Blue-fronted Dancer (Argia apicalis)
Detailing the identifying qualities of the Blue-fronted Dancer, including physical features and territorial reach.
Updated: 2/8/2018; Authored By Staff Writer; Content ©www.InsectIdentification.org
The slender Blue-fronted Dancer is a Damselfly that flits, flutters, and bounces as it flies making it a natural choreographer.
Dancers' flight patterns are not straight-lined. This pond damsel appears to dance and bounce along its way. Damselflies are are smaller than Dragonflies, but they can be just as colorful. Males have light blue eyes and a blue thorax. The long, thin abdomen ('tail') is dark brown with blue along the side near the body. A bulge at the tip is also blue. Females have a blue form, but also a brown one. Their eyes are not blue and the bulge at the tip of the abdomen is brown. As a member of the Narrow-winged Damselflies family, their wings are very thin where they meet the body. When resting, they fold their wings above their body.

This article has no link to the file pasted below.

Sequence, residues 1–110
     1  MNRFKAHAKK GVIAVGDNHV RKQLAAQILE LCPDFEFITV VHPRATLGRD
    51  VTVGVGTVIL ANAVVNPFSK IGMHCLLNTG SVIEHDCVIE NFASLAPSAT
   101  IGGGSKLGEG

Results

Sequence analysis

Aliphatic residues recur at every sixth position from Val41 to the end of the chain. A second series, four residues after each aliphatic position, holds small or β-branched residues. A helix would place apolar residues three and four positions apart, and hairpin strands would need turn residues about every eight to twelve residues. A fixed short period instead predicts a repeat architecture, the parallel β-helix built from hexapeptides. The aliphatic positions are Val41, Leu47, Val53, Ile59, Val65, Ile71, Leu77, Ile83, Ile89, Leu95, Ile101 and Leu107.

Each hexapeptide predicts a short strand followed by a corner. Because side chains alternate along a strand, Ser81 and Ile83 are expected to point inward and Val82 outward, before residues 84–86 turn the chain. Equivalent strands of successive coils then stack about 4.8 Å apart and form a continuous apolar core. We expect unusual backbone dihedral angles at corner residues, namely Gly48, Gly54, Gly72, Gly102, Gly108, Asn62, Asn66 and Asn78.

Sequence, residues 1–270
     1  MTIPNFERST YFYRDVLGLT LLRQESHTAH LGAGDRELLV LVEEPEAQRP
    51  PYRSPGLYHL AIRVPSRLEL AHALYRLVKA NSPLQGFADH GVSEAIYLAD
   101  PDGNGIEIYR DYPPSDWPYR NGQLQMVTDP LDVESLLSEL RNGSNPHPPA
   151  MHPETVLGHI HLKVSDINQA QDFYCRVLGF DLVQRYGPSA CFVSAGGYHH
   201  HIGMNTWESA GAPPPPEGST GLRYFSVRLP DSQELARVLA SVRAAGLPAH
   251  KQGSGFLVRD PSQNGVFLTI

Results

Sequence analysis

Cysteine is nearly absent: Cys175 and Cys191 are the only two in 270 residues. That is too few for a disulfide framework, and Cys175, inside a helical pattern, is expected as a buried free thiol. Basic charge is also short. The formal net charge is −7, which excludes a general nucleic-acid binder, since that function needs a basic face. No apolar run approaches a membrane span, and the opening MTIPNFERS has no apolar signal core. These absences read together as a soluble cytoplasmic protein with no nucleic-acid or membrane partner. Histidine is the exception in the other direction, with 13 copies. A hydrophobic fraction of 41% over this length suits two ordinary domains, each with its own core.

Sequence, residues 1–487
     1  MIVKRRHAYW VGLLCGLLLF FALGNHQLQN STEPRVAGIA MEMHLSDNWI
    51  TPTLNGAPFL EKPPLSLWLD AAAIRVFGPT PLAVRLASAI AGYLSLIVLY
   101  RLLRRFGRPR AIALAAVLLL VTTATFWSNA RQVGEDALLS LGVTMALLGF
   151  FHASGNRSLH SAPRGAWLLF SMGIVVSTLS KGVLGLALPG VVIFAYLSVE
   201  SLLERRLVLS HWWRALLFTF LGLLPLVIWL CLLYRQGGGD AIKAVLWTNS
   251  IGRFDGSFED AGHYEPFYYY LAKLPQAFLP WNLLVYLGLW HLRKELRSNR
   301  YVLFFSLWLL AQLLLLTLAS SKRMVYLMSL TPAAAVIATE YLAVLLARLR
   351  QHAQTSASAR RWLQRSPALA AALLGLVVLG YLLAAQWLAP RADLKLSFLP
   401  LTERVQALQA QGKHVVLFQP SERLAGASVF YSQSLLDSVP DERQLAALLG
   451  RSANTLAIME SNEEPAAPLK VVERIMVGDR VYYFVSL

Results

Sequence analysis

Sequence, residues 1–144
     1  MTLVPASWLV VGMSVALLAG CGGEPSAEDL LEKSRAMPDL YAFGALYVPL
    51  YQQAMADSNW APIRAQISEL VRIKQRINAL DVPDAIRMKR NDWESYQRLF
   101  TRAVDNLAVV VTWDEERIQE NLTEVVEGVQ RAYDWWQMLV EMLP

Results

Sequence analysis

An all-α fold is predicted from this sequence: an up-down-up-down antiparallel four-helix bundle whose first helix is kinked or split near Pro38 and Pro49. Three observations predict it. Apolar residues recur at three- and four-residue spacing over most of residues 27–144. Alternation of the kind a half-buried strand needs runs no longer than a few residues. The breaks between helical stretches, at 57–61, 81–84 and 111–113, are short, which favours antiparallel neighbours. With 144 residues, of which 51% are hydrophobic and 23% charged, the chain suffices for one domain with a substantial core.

The Blue-fronted Dancer is typically found near water (ponds, streams, creeks, riverbanks). They rest on low shrubs, branches, tall grasses, and logs. They are active all through summer. Males defend territories against males of any other damselfly species. Females lay their eggs on floating objects in water. The majority of the life cycle is spent in the water as a naiad (juvenile form), breathing the dissolved oxygen from the water through gills found at the tip of their abdomen. Naiads are terrific aquatic predators with huge appetites, eating insects, worms and even small fish. Their extendable lower lip allows them a long reach. Quick expansion and a set of teeth secure their prey. Because of its appetite for insects, Blue-fronted Damselflies are beneficial to a riparian ecosystem, keeping populations of smaller insects in balance. Once they mature, naiads shed their exoskeleton on land and emerge as flying adults.